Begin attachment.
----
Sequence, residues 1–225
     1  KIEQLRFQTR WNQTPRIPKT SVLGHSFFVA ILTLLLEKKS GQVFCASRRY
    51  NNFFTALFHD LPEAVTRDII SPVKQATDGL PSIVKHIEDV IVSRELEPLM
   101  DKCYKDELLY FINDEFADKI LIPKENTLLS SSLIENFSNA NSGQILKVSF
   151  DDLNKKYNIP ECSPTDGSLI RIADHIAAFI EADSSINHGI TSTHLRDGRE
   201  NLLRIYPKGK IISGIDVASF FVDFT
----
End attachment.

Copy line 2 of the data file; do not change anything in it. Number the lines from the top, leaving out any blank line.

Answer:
     1  KIEQLRFQTR WNQTPRIPKT SVLGHSFFVA ILTLLLEKKS GQVFCASRRY